LONDON – The United Kingdom has reintroduced new coronavirus restrictions in parts of northern England amid a surge in cases that are also occurring in Europe and Asia, causing fears of a second wave.
“I am worried about the second wave. I think you can see a second wave starting to roll across Europe, “British Health Minister Matt Hancock told British operator Sky News, which, like NBC News, is owned by Comcast Corp.
The UK reported 846 new positive cases on Thursday – the highest number of daily infections since June 28.
More than 4 million people in Greater Manchester, the largest urban area in the North of England and other parts of the region, are once again under severe blockade measures. They were ordered not to mix with other households, although they could still go to the pub and work.
“The problem with this virus is that it thrives on social contact that makes life worth living,” Hancock told Sky. “I fully understand the human impact of this, but unfortunately, that’s how the virus is transmitted.”
Prime Minister Boris Johnson announced on Friday that plans to restore high-risk public spaces – such as casinos, theaters and sports venues – would be postponed to at least August 15th on August 1st.
“I said our plan to open up society and the economy is conditional,” Johnson told a news conference. “As these numbers increase, our assessment is that we must now press that breaking pedal … to keep the virus under control.”
The requirement to wear face coatings in stores will be extended to other public places such as museums and cinemas, he said.
The number of coronavirus cases worldwide has exceeded 17.3 million, according to Johns Hopkins University. More than 673,000 people died.
Across Europe, Germany reported 902 new cases on Thursday – an increase in the Robert Koch Institute, which tracks the country’s data called “for”. Another 870 cases were reported on Friday.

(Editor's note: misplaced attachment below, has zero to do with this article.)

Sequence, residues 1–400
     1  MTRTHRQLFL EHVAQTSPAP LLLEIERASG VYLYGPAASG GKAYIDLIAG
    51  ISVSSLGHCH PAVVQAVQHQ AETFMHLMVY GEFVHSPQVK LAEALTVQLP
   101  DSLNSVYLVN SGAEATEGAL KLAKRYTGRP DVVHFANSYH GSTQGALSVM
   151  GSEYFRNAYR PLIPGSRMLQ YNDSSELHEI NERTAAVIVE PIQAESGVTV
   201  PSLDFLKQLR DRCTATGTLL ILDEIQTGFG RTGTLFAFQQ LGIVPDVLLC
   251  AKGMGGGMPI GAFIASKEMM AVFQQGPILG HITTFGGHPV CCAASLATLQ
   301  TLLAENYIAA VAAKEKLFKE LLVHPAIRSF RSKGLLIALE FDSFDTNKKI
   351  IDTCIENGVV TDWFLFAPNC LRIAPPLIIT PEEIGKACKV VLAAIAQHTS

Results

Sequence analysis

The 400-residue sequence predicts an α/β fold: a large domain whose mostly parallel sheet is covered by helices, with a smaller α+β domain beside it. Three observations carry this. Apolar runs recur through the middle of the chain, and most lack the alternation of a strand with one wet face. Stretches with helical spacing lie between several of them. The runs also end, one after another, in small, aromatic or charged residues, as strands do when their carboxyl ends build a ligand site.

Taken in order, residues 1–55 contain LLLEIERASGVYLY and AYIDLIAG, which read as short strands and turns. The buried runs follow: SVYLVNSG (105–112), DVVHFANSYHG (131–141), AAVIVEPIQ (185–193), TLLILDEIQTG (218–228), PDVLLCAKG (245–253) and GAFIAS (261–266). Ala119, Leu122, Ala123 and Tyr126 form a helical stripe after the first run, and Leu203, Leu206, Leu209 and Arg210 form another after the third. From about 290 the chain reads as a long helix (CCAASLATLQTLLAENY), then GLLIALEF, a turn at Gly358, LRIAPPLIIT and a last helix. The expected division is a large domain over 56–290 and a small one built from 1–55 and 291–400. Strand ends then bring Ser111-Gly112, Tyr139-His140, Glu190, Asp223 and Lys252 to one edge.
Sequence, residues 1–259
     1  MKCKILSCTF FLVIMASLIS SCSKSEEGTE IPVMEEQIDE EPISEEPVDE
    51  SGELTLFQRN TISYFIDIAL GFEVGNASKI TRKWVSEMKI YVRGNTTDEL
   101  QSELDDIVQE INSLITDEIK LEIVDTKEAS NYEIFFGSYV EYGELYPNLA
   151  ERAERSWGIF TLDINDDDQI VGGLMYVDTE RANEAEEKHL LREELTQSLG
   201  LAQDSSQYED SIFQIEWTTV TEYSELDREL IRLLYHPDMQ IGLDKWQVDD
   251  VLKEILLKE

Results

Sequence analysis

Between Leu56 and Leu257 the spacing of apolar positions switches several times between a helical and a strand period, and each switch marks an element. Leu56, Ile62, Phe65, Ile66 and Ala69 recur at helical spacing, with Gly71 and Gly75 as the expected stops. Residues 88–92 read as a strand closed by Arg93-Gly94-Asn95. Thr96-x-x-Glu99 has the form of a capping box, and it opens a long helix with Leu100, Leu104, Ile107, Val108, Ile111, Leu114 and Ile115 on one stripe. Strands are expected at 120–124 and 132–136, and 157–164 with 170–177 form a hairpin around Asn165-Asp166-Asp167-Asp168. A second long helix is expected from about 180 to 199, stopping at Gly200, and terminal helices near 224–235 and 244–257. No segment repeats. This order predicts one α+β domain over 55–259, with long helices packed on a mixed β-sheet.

At least one of the outbreaks in the country is related to agricultural workers in the Bavarian district of Dingolfing-Landau, forcing a company to quarantine its employees, the institute said.
Germany, meanwhile, has also joined Britain in enforcing stricter travel rules for people arriving from parts of Spain.
The UK’s move to require passengers from Spain to quarantine for 14 days was announced last weekend with immediate effect, after the country reported a number of outbreaks, which led to chaos for the British there on vacation.
On Thursday, the Spanish Ministry of Health reported the biggest daily jump in new cases, as the blockade ended with more than 1,000 new infections for the second day in a row.
By comparison, the United States saw an increase of approximately 58,000 confirmed cases in 24 hours between Thursday and Friday, according to NBC News.
There are also spines in coronavirus cases throughout Asia.
In Japan, 463 new cases were registered in the capital, Tokyo, on Friday, with 367 new cases reported the day before.
The city government is currently asking restaurants and bars to reduce their opening hours until August to limit distribution. A system of stickers has also been introduced to highlight restaurants and shops that are safe for the public to enter.
“Our lives have changed. Our way of life has changed. So our behavior needs to change,” said Tokyo Gov. Yuriko Koike.
Koike warned that if the situation worsens, it could call for a regional state of emergency, although this will not be as restrictive as previous measures to continue the economy.
Vietnam’s health ministry reported its highest daily growth since the cases first surfaced in January with 45 new infections confirmed on Friday. This threatens the country’s impressive results in virus content.
No deaths from coronavirus have been reported in Vietnam, and before the virus re-spread this week, the country had registered 100 days without a case transmitted locally.
Hong Kong announced another 3,151 new cases on Friday. Following warnings from CEO Kerry Lam earlier this week that the area was on the verge of a major outbreak.
The area was initially praised for weathering the first two waves of the pandemic. A wave of cases that began earlier this month has sparked new restrictions, including mandatory masks both indoors and outdoors.
The United States remains the hardest hit country with nearly 4.4 million cases and more than 150,000 deaths, according to NBC News.
Reuters contributed to this report.
Andy Eckard, My Nishiyama and Reuters contributed.